The National Trust is launching a project inspired by the 200th anniversary of the Peterloo Massacre to explore landscapes and places linked with dramatic social change.
Projects involving artists including Jarvis Cocker and Bob and Roberta Smith will take place at five National Trust properties for the “people’s landscapes” programme, with Turner Prize winner Jeremy Deller as artistic adviser.
They include two properties, Dunham Massey and Quarry Bank in Cheshire, which have links to the protest in Manchester in 1819, when a cavalry charge of thousands of pro-democracy and anti-poverty protesters left 18 dead.
Kinder Scout, in the Peak District, site of the mass trespass in 1932, the Tolpuddle Martyrs tree in Dorset, the symbolic birthplace of the trade unions movement, and the Durham coast which has been shaped by its mining heritage will also be in the spotlight.
The massacre of protesters gathered in St Peter’s Field in Manchester, which also injured nearly 700 people, was a catalyst for movements for parliamentary reform and workers’ rights.
Samuel Greg, founder of Quarry Bank cotton mill 12 miles from Manchester, and his son Robert saw the clash from close quarters and opposed the subsequent “cover-up” of events.
George Harry Grey, 6th Earl of Stamford and Warrington and owner of Dunham Massey in Altrincham, Greater Manchester, was Lord Lieutenant of Cheshire and head of the county’s magistrates and militia, though he was not there on the day.
The National Trust is working with artist family Grace Surman and Gary Winters and their two young children Hope and Merrick on artwork inspired by conversations with people about rights and power to create change.
The Tolpuddle Martyrs were six agricultural labours who met under a sycamore tree in Tolpuddle in Dorset to discuss poor wages and conditions, and were sentenced to seven years hard labour in Australia for swearing a secret oath as part of forming a union.
Artist Bob and Roberta Smith will look at how ordinary people, such as the Tolpuddle Martyrs whose conviction prompted mass protest which saw them pardoned and freed, can create change.
Kinder Scout, which is cared for by the National Trust, will be the focus of a series of events exploring the protest in which a group of walkers trespassed onto private land – which led eventually to public access to the countryside and the creation of the national parks.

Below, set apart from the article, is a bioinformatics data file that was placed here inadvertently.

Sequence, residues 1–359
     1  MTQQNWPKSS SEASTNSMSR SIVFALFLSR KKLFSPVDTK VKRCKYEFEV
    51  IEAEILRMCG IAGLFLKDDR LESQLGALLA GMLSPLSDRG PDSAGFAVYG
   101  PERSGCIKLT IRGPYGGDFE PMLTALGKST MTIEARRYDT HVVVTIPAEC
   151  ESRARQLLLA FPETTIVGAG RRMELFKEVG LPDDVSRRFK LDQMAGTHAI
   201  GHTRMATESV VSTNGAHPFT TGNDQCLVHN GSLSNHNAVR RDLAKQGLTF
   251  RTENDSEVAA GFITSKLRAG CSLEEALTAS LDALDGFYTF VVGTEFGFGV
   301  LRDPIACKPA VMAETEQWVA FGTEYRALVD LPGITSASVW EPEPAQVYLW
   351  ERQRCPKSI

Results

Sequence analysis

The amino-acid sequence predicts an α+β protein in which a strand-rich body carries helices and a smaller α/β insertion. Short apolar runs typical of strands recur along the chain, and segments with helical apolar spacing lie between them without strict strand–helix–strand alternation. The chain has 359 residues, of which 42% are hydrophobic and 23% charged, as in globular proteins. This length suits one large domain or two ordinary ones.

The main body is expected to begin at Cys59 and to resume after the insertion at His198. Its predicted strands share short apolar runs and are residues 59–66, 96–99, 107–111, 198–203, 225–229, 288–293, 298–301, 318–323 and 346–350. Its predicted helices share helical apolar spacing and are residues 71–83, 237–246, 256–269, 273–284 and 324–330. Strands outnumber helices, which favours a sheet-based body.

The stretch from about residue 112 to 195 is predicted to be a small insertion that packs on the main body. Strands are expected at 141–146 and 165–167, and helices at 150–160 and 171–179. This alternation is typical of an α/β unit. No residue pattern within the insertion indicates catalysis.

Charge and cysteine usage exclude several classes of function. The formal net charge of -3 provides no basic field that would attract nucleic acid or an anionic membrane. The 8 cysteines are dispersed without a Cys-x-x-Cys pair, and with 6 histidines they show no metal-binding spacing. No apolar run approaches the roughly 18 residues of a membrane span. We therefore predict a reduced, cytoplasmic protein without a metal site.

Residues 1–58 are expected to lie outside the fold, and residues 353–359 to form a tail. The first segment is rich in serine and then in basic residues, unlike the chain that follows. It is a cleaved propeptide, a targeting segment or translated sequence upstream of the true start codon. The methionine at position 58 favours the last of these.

The Trust is working with Jarvis Cocker, who has personal connections with the Peak District which he used to visit as a child, on bringing people on a journey of discovery from nearby towns and cities to the landscape.
The people’s landscape programme will also focus on five miles of the Durham coastline looked after by the National Trust, which has transformed from an industrial area with “black beaches” to become a haven for wildlife.
Easington was once home to one of the largest coal mines in Europe, and film and photography collective Amber will work with local people to explore its mining heritage, the impact of the miners’ strike and its aftermath.
John Orna-Ornstein, director of culture and engagement at the National Trust, said the people’s landscape programme would use contemporary arts to celebrate places which served as a backdrop to social and political change.
“Our places are so much about that connection between people and an individual place and individual stories that come out of that.
“The Peterloo Massacre seemed a challenging but appropriate launch point,” he said.
He said it was important to have a theme that resonated outdoors as well as with collections in houses, but said the Trust was not aligning itself with left-wing politics in its choice of the people’s landscape programme.
“It’s just a conscious decision to find the stories that resonate most closely with our places and to do so in an interesting way with contemporary artists.
“There’s absolutely no intention to take one particular focus or another in terms of politics.”